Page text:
Most of the cases I’ve encountered where a new homeowner wants solar removed involve solar hot water, not solar electric systems. Solar heating collectors are much bigger than photovoltaic modules and are rarely installed these days. Many of those systems date back to the 70s and 80s and often are dysfunctional, thanks to a broken pump or other issues. PV systems are “sexier” looking and a lot more reliable, so there’s little reason to take them down as long as they’re making you money.

    PV should never be appraised as a percentage of home value. The value of the system is tied to its capacity to produce energy. More powerful systems will be worth more because they can save more. I’ve installed very small systems on very expensive houses and relatively large systems on run-of-the-mill ranchers. The initial cost of those systems ranges anywhere from $3,000 to $30,000, so it’s important to value the system by the installed wattage, not as a percentage. PV Value will take the guesswork out of this as long as you know the wattage.

    I agree that roof replacement is an issue. This is something I wish home inspectors keyed in on (I used to be one). A well-installed PV system can easily run for 30 years with minimal maintenance expense, but if the roof needs to be replaced the modules will need to come off first. Not all components need to be removed but the installer might charge $4,000 or so for an average uninstall/reinstall (two days of work for a crew). That is something the buyer should be aware of and if roof replacement is pending I’d support discounting the solar premium on the sticker price accordingly.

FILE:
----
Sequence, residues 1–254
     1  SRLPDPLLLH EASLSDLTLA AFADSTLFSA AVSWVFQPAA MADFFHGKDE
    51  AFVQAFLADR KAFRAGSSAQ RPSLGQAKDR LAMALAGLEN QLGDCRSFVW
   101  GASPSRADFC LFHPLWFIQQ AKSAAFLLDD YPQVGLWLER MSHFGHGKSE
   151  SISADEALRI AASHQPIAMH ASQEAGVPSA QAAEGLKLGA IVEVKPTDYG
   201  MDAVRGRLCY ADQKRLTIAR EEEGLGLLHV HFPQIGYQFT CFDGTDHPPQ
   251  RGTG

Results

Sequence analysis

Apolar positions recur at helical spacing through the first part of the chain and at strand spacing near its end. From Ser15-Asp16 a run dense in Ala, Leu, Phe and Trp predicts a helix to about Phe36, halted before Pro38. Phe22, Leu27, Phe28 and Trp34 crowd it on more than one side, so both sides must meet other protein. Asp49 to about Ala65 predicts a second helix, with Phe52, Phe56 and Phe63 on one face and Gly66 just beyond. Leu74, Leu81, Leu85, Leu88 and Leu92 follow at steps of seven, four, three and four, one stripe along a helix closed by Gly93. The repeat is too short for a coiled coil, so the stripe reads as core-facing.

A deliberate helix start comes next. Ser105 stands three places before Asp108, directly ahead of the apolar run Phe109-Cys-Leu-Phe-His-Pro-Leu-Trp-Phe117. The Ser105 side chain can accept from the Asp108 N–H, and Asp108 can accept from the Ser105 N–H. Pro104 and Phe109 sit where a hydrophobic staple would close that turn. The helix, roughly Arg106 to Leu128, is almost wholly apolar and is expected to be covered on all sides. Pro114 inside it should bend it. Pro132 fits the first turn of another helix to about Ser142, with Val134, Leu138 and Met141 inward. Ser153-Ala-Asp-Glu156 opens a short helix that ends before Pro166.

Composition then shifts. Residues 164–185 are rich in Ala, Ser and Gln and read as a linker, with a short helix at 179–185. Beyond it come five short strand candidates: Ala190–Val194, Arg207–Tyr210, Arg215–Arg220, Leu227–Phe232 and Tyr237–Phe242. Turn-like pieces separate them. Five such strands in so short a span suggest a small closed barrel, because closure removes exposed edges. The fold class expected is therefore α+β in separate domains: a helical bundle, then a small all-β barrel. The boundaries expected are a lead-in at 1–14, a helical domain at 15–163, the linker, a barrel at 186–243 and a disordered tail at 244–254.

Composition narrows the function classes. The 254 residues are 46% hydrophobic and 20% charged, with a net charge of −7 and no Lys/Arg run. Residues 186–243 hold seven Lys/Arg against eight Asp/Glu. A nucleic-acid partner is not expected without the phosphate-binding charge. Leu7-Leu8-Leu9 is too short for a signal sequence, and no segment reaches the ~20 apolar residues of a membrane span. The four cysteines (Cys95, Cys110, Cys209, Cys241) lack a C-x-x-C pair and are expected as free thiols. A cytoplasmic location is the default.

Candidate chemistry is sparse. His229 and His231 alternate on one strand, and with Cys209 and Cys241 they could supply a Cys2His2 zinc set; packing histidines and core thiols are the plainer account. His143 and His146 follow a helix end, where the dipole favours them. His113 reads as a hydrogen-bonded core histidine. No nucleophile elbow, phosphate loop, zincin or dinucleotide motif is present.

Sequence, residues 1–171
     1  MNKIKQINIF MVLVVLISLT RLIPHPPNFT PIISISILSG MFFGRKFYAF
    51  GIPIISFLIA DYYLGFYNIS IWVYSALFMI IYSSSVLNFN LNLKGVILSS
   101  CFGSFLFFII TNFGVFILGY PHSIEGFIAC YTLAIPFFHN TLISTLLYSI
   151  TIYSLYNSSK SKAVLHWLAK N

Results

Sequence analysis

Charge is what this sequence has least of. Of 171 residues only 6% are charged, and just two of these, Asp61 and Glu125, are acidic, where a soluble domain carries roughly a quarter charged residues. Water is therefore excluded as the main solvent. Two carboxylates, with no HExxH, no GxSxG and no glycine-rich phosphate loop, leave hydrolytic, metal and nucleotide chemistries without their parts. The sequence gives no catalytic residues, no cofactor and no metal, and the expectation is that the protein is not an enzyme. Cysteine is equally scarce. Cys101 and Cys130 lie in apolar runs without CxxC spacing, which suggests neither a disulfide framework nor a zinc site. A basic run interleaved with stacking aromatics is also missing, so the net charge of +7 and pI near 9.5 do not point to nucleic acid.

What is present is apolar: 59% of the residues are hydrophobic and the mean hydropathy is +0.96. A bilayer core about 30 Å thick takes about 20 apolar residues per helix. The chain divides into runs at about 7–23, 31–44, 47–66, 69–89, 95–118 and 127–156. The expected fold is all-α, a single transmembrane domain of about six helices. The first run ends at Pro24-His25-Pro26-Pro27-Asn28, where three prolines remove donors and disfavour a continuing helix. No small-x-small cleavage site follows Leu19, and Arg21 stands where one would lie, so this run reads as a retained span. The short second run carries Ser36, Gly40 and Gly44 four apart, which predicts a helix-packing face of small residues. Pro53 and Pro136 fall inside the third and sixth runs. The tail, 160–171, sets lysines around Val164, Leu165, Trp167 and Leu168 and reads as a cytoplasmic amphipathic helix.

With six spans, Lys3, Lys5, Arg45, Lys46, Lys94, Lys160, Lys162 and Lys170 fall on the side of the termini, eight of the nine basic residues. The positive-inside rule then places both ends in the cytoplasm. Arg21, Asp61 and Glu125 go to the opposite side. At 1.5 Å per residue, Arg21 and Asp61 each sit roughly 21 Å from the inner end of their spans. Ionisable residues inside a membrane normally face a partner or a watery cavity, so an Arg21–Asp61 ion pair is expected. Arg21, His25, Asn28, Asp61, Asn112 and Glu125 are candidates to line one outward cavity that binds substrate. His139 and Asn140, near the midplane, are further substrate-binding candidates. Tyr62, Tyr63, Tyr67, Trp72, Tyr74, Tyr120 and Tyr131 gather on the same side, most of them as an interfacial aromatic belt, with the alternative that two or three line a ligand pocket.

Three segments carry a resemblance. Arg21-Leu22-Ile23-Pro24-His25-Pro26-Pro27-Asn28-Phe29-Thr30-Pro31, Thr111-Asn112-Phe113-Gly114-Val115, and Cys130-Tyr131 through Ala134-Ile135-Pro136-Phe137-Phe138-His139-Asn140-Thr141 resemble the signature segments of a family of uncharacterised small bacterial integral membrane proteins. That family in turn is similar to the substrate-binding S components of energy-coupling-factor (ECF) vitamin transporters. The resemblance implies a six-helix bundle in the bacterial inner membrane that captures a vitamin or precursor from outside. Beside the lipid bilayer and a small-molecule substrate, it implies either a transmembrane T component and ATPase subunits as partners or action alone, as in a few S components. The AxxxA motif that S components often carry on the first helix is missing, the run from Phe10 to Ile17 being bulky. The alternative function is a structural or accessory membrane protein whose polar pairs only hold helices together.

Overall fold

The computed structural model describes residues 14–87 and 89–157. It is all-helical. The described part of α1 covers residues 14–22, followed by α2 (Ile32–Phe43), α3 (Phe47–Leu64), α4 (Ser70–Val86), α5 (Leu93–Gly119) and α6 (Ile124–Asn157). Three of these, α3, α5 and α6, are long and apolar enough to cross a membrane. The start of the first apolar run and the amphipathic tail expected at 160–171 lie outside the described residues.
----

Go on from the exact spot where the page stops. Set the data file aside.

• says

      Thank you Jeff. I appreciate your take and insight. I think your comments add value here to the post. Regarding the national or state-wide study, we still have to think of value in terms of a local market, neighborhood, and price range. Dollar-for-dollar is a nice concept, but where does that work? Does it work the same in Beverly Hills as it does in Compton? Those are just rhetorical questions, but they help illustrate the principle that value does not work the same way in every price range and location, so we have to be cautious about applying one end-all metric to each valuation. So a solar system in Minnesota might have a different value than Arizona. I realize this point was made above, but it’s an important one to consider when value claims come along that say, “It’s dollar for dollar no matter where it’s installed and no matter the price range.” I’m not saying you are saying that, but only this is a piece of the puzzle to consider when we are unpacking value.